Expert review and evaluation provide robust and useful informative and summative feedback. The expert can coach the trainee and also grade performance using structured assessment tools. Choosing the appropriate assessment tool depends on the specifics of the simulation, and may vary depending on the goals and intended audience of the curriculum. For example, time and error metrics may be appropriate for simulations teaching psychomotor skills that rely on self-guided learning. On the other hand, training in complex procedural tasks may benefit from expert review, coaching, and assessment.9
For example, in our WWAMI Institute for Simulation in Healthcare at the University of Washington in Seattle (WISH), a Central Venous Catheterization (CVC) module was created in collaboration among different specialties. Through this development process, different specialties (internal medicine, anesthesia, internal medicine, family medicine and surgery) were able to agree on a common technique, using a standardized CVC kit, and providing clear documentation and reducing practice variation. The main goal of this process was to improve outcomes, to reduce complications (Central Line Associated Bloodstream Infection is one of the “never events”), and to reduce costs. All physicians whom place central lines in our hospitals system are required to obtain a certification on this course, before placing the first three lines under direct supervision.10 All of the simulation courses taught at WISH have a didactics part that can be accessed on line, facilitating the learning process of the student, by using the tool at its own pace.11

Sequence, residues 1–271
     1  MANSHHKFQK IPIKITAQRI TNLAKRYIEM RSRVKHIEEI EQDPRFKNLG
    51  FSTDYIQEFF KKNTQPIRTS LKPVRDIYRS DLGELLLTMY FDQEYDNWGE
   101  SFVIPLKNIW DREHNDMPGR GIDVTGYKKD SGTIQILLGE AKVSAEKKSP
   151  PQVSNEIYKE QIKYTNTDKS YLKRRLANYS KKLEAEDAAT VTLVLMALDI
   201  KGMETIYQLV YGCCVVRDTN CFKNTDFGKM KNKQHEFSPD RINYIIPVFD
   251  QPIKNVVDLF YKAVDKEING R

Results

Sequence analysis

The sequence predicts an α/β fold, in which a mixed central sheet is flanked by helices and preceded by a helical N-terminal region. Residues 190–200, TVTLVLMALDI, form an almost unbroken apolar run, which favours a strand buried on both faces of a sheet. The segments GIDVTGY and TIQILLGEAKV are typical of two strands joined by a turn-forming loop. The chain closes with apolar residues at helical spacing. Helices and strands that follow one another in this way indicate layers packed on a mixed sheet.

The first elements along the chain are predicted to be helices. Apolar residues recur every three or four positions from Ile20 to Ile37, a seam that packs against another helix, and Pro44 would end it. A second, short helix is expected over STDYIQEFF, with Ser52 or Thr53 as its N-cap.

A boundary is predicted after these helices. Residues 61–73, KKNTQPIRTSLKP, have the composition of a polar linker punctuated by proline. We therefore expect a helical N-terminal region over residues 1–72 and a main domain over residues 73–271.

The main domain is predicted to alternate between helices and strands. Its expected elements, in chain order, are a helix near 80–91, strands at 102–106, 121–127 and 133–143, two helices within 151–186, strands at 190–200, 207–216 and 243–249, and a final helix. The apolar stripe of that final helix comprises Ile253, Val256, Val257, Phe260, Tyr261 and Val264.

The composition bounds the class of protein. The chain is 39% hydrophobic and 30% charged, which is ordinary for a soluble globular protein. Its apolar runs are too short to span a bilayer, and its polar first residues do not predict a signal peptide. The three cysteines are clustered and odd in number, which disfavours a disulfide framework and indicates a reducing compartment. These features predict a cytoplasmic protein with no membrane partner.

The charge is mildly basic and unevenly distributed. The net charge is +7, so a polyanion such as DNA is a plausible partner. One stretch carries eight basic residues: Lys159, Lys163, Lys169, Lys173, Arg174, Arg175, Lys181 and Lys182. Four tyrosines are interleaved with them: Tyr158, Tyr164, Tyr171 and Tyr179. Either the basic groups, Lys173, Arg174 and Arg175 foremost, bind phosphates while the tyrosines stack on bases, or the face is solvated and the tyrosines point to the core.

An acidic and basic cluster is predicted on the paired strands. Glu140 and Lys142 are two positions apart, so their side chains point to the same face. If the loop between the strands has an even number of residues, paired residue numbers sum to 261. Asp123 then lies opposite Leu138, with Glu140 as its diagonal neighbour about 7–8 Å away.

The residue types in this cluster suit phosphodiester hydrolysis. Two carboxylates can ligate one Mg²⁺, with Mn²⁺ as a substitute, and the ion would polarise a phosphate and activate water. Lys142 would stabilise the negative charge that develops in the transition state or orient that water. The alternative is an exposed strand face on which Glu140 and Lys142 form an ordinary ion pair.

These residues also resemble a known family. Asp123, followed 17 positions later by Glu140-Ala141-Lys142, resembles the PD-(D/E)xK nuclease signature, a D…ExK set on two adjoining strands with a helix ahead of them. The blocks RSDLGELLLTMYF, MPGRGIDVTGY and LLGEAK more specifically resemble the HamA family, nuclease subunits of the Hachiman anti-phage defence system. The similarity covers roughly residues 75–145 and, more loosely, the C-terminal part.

Another example of interaction among different practitioners is being developed at the Seattle VA Hospital, where mock scenarios are run weekly in the operating room, with the participation of nurses, anesthesiology personnel and several surgical specialties. It has been a wonderful exercise for everyone, and had served to identify issues that should have been problematic in case the situation would have presented in real life, making the pre-intra-and-postoperative environment safer, not only for our patients, but for everyone.
I have to agree with Dr. J.I. Curry's modification of Halsted's motto. In this era of medicine, a better model to teach any procedure is characterized by: “See one, practice on a simulator (with feedback), do one”.12Financing
No financing was received by the authors to write this article.Conflicts of interest
The authors have no conflicts of interest to declare.
Please cite this article as: Figueredo EJ. Simulación en salud. Rev Colomb Anestesiol. 2016;44:270–271.